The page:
Posted by PRSA_MelissaMY on 02/11/2020 10:36 pm
This year, members of PRSA hit the ground running at the first PRSA luncheon on January 9. Trish DeBerry, president of The DeBerry Group, and Frank Guerra, founder of GDC Marketing, delivered a refreshing presentation over some of the most viable PR tips to apply to your practice now.
After emphasizing that “negotiating clients through complicated community issues” is her strong suit, DeBerry was able to hone in on the key elements needed to create bold and productive outcomes when tackling a PR crisis. Throughout her presentation, “2020 PR Tips and Trends,” DeBerry presented her content by demonstrating a trend that is relevant in PR today, and then proposing an effective way to channel and own that trend in your practice of public relations. For example, one of my favorite trends that was taught, very apt for the PR world today, was the focus on “transparency and authenticity.” DeBerry encouraged us to be real with who we are (as an agency, corporate or independent PR practitioner) and what we have to work with when problem-solving a crisis as a way of “being productive in telling your story.” One of the tips DeBerry shared to most effectively deliver this to your clients and community was the importance of having an intentional crisis communication plan and to be prepared to act on it. Having this plan in place will give you a head start when tackling a crisis and allow you to maximize your strengths.
During the presentation, both DeBerry and Guerra provided examples from their professional careers when they had to manage and tame a crisis. They made it clear that crises are inevitable, especially in the fast-paced PR world, but having a plan could save you time, money, stress, and most likely your career.
Frank Guerra even talked about a time when a news station was going to broadcast a false and destructive story about his firm. Guerra emphasized that it’s in those unfair and unavoidable moments that one must first remain calm, and then explore the issue in a productive manner. In this case, he had a plan and spoke with authoritative figures in the field to better resolve and remove the issue from existence. As Guerra explained, it is vitally important for the future and reputation of your company to be “prepared to act on your plan” and follow through with the crisis instead of avoiding it altogether.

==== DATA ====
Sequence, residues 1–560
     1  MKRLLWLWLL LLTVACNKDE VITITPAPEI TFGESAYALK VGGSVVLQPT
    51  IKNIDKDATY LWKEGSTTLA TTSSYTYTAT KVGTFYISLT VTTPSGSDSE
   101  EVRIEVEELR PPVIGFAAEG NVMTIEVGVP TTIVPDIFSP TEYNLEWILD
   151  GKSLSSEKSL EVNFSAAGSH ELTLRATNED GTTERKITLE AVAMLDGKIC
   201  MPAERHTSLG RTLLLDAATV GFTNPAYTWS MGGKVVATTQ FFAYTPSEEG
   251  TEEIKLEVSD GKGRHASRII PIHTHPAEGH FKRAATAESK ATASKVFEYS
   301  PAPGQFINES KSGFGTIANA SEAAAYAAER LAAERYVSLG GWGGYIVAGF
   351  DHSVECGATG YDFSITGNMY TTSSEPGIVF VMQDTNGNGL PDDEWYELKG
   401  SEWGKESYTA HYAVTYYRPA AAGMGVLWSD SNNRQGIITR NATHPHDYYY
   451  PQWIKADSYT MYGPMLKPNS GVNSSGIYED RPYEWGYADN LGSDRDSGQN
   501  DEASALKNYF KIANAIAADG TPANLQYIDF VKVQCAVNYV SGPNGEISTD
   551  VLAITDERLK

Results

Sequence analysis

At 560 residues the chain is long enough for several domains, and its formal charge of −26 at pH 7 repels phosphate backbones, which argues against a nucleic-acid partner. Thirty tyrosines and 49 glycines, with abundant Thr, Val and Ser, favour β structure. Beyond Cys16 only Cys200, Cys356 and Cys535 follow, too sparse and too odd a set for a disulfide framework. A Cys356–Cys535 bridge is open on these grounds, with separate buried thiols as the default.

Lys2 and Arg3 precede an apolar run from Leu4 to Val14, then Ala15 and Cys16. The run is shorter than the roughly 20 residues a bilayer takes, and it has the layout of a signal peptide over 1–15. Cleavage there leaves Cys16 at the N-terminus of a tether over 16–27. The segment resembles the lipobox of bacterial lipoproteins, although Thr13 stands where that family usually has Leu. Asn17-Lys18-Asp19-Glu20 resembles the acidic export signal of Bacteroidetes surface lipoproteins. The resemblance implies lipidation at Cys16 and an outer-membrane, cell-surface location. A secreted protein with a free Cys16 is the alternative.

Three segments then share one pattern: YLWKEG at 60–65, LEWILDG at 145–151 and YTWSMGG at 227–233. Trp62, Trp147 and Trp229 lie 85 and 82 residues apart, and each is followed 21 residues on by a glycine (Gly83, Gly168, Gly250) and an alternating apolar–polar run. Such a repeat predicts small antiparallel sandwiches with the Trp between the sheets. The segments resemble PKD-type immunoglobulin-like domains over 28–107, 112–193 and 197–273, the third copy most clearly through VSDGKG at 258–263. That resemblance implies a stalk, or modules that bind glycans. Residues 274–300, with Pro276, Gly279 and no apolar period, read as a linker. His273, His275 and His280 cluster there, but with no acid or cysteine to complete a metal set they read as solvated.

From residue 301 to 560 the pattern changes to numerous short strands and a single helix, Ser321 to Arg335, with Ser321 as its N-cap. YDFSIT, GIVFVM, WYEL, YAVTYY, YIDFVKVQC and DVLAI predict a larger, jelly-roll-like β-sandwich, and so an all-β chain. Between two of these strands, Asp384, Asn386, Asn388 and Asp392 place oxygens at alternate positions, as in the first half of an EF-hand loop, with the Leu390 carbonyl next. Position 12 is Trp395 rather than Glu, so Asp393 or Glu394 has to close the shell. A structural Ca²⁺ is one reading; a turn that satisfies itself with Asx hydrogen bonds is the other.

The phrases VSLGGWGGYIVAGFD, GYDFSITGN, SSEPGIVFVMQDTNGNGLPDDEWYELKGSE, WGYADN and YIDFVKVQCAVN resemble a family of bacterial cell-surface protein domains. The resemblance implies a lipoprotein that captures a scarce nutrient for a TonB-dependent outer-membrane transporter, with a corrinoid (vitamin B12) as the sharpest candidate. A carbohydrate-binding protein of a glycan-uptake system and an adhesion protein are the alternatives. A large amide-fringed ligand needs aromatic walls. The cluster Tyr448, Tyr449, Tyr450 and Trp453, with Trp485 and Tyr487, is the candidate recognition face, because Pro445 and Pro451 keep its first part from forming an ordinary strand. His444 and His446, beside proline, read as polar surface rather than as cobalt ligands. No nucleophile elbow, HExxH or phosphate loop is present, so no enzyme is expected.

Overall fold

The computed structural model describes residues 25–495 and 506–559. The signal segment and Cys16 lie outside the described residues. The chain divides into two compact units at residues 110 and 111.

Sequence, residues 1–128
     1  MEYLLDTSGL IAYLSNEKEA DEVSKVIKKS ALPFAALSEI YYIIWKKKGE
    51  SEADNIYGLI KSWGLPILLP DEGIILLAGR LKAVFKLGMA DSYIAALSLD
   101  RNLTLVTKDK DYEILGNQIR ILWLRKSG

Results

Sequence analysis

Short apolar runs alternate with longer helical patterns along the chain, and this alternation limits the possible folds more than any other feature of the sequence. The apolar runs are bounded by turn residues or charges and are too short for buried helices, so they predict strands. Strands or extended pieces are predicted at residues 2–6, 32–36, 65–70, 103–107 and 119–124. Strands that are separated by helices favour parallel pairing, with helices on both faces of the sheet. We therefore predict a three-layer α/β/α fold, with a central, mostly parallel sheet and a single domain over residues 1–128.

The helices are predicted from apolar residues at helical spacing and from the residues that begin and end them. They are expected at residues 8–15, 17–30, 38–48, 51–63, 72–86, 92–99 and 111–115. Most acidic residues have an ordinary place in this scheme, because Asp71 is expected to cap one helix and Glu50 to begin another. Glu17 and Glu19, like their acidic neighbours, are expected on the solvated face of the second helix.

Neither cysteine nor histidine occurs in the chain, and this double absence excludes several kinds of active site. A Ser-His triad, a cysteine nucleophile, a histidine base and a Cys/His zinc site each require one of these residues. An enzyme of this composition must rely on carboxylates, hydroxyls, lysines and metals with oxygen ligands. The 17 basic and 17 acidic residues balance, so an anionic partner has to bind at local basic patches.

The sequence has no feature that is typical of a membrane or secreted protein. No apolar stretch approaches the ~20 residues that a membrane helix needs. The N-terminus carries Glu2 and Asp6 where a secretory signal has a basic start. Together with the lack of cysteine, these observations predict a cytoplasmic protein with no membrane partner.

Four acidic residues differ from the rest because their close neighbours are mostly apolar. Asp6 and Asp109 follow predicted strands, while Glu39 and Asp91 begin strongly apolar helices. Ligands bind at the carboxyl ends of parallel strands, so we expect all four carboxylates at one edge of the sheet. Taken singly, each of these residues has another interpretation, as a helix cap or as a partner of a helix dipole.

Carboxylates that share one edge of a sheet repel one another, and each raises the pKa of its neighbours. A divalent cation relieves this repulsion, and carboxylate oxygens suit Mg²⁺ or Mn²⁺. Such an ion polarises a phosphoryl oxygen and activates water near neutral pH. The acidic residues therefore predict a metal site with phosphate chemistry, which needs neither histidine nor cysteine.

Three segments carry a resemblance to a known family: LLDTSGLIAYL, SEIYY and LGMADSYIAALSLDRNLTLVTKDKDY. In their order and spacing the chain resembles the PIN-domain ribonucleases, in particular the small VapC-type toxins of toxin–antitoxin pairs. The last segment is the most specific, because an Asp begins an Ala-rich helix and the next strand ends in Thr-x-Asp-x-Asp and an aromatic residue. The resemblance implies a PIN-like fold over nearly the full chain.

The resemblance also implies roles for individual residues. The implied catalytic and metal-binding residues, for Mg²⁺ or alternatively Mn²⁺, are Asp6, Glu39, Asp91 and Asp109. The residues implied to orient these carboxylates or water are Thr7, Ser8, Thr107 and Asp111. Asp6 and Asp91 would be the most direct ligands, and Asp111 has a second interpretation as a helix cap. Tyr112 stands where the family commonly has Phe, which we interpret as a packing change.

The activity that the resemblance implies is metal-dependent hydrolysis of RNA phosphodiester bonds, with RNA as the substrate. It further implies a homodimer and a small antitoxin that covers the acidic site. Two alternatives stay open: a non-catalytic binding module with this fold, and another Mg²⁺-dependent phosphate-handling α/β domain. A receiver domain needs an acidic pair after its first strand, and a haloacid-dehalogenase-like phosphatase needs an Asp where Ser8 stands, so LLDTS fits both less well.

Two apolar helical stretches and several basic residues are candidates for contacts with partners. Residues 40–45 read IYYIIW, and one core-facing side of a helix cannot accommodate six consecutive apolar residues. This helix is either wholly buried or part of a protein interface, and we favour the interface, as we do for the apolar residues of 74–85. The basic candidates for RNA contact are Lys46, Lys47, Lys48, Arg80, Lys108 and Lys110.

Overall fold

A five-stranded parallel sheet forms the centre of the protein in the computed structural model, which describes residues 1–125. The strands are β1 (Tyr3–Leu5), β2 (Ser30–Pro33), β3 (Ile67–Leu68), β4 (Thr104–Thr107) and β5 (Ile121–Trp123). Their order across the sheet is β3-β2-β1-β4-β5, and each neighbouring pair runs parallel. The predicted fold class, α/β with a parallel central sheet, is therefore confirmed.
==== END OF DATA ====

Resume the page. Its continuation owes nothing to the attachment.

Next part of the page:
Although the entirety of the presentation was captivating and informative, DeBerry wrapped up her overall message by emphasizing her top “Timeless Tips,” or as I read it, “Rules to Live by in PR,” as she encouraged us in how to be effective PR practitioners.
Her top three pieces of advice were:
- Control the message or someone else will control it for you
- Always be proactive
- Share your own bad news first
The essence of boldness held within her advice was raw and motivating. As a college student studying the art of PR, I appreciated her straightforward and honest analysis that serves as an overall survival guide for anyone in the field. DeBerry focused on the importance of taking control of who you are as professional and a company, owning it, and being intentional with the message you are constantly putting forth.
Altogether, the takeaways from this luncheon were valuable, especially considering the critical role of professionals out in battle in the field such as Trish DeBerry and Frank Guerra. PRSA members had much to learn from them and I believe they equipped us all with useful tools and information as we take on this new year and decade to come.
By PRSA Student Member Georgina Vela